Most 14-year-olds are happy to hang out with their friends and put off writing that essay for Freshman English class.
Atthaya Thitikul wasn’t your typical 14-year-old. The Thai phenom won her first professional event just four months after her 14th birthday, capturing the LET’s Ladies European Thailand Championship to become the youngest-ever winner of a pro event.
Four years later and after turning professional in 2020, Thitikul has become one of the best players in the women’s game. Her Rolex Women’s World Golf Ranking of No. 18 matches her age, an age that saw her take two LET victories and 14 top-10 finishes en route to adding another “youngest-ever” to her list after becoming the youngest winner of the Race to Costa del Sol, the LET’s season-long Order of Merit.
“It's been a really great year for me, and then I feel really scared to be out,” said Thitikul. “This is my first year on the LET, far away from home, and didn't have like lots of experience that much. But I'm glad that I can keep learning and keep working on my game to be better.”
Thitikul came to Alabama directly from the LET’s season finale, finishing in a tie for third at the Andalucia Costa del Sol Open de España. This is just her second competitive appearance in the United States, joining the 2018 Chevron Championship where she finished 20th as an amateur. Admitting that jet lag has been an issue, Thitikul has been working to learn the Bermudagrass courses at Magnolia Grove, a far cry from the layouts she’s seen across Asia and Europe.
But while the 18-year-old may be young in years, she is beyond mature in knowing her place on the golf course.
“(I’m going to) focus on my game and trying to be calm out there and then focus on what I can do and try my best out there,” said Thitikul. “I mean, like if I can get it, it's great, but if not, it's okay, I know I have a lot of chances to get it.”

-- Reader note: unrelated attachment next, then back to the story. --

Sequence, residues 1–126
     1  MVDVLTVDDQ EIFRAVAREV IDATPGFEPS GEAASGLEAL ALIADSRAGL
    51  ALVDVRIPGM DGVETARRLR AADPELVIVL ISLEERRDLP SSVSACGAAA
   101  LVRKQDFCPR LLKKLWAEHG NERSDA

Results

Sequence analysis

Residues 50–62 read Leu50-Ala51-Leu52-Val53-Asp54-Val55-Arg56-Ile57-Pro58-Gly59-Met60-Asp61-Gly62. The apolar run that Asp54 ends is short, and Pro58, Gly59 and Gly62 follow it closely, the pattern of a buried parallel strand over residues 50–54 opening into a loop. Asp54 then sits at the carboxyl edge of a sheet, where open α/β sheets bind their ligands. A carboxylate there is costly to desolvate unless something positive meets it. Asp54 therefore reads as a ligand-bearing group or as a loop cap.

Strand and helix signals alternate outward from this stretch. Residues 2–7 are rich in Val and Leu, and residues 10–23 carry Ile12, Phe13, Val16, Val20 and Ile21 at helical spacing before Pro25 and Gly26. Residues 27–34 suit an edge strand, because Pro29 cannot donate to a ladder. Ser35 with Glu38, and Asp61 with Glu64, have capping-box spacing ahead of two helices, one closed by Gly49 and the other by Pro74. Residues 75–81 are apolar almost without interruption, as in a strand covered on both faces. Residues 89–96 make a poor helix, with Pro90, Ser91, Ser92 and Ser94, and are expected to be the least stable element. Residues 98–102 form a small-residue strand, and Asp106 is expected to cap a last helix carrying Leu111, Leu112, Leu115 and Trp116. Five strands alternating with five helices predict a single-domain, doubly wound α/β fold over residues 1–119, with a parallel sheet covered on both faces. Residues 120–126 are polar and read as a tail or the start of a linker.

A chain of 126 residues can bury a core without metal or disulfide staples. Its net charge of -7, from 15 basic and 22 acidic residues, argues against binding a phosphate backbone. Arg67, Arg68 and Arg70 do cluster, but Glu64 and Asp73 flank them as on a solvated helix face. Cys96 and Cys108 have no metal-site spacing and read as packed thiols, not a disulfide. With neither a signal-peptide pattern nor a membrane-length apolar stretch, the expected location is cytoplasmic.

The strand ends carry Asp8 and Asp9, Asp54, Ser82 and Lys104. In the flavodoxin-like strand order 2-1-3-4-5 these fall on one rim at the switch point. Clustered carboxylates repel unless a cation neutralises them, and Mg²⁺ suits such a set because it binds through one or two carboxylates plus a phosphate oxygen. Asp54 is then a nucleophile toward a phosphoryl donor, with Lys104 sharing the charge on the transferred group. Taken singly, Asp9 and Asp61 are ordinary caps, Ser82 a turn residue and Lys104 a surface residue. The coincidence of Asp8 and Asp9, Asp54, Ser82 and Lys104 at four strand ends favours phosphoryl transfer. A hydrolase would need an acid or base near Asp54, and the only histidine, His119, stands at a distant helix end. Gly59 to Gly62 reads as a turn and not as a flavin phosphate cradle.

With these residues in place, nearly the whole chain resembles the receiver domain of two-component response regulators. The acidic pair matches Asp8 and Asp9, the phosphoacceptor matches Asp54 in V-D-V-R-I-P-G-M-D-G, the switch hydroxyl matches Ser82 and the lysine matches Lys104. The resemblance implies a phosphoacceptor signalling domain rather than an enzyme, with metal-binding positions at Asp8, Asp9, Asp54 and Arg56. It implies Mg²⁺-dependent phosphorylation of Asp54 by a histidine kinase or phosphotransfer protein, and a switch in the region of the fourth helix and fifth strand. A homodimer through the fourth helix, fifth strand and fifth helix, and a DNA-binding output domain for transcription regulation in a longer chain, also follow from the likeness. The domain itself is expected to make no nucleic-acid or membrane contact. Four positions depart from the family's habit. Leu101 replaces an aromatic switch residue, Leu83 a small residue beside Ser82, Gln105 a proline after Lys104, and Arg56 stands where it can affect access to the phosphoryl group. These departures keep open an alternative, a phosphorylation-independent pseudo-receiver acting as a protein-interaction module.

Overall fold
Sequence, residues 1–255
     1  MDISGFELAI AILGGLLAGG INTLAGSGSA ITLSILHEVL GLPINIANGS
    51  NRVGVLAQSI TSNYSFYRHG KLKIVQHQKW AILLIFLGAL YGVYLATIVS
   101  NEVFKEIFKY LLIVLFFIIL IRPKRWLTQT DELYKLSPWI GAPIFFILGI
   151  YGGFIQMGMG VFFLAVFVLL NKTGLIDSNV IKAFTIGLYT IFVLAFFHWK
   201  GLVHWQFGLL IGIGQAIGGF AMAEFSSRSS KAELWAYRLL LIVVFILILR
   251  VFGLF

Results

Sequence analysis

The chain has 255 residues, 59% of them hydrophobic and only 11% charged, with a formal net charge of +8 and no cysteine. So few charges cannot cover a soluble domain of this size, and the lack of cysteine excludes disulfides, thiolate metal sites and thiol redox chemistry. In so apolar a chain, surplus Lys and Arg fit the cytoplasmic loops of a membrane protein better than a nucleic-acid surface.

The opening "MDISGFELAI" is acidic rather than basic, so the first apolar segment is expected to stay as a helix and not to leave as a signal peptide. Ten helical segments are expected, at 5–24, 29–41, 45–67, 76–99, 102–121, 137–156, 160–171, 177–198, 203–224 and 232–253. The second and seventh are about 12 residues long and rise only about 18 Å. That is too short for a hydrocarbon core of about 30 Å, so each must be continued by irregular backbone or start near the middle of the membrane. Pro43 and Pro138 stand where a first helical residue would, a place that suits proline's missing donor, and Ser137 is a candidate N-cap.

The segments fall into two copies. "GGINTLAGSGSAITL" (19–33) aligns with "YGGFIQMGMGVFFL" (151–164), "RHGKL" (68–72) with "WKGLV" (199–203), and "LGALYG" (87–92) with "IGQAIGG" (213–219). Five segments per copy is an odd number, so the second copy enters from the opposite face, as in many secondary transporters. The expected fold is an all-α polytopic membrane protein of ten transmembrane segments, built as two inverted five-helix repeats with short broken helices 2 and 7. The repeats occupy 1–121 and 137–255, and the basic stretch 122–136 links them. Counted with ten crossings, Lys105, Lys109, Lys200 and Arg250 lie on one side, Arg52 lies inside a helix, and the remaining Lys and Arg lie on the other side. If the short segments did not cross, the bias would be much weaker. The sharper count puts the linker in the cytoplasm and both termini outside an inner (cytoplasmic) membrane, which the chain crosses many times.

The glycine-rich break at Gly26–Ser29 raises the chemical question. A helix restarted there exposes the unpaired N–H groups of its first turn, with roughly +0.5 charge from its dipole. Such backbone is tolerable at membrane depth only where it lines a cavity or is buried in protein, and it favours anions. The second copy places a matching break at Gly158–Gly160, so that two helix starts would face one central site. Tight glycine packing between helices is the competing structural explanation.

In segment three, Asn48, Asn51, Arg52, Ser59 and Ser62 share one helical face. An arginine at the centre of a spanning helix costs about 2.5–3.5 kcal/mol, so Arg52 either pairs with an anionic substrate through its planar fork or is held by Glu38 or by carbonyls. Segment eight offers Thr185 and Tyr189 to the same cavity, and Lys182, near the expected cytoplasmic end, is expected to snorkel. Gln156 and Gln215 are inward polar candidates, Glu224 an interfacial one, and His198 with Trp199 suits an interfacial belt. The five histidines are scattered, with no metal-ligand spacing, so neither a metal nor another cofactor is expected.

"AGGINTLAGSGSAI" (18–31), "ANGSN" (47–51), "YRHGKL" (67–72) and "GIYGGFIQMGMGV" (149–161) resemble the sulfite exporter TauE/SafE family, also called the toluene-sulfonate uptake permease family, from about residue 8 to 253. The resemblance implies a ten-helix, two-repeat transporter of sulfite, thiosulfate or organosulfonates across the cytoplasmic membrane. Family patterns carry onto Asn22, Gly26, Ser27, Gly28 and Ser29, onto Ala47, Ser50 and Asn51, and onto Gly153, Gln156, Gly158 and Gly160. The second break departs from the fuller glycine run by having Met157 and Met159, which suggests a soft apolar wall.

VIRGINIA ELENA CARTA MAKING HER WAY ON THE COURSE AND IN THE OFFICE
Duke University grad Virginia Elena Carta certainly has the international travel part of professional golf life down pat. Her last month since making the cut on the number at Stage II of LPGA Qualifying School was a tour of Europe before coming to southern Alabama for Q-Series.
“I actually went to England to train a little bit and then I had to go to Spain to try the courses for the LET Q-School,” said Carta, who lives in Fiume Veneto in northern Italy. “Then I was home in Italy for a little while practicing and really getting ready for Q-Series.”
Carta graduated from Duke in 2019 after a celebrated amateur career that saw her take the 2016 NCAA National Championship individual title and finish second at the 2016 U.S. Women’s Amateur. But unlike most aspiring golfers, Carta put professional competitive goals aside and instead focused on professional business goals. A four-time Academic All-American, Carta pursued a master’s degree in environmental policy at Cambridge University. She kept her game honed as a member of The Oxford and Cambridge Golfing Society, becoming just the fourth woman ever to compete in the University Golf Match, an annual competition between Oxford and Cambridge.
“I kept on being a little bit involved with golf, just in a different way really than Duke women's golf was,” said Carta. “So I focused very much on my academics, and that's how then I got a little bit into this sort of path.”
Since she graduated from Cambridge in October 2020, Carta has continued to balance her business and athletic careers. She turned professional and quickly earned two top-10 finishes on the Ladies European Tour, all while working as a consultant for Domino Printing, a technology company based in Cambridge. But the next month is all about golf, with two weeks of LPGA Q-Series in Alabama followed immediately by LET Q-School at Spain’s Real Golf La Manga Club.
“I think it's nice to have two separate things to do in your life. I think that's keeping me stress-free for the most part. Obviously, a little bit of stress, but...” she said with a small smile and a reassured glint in her eye.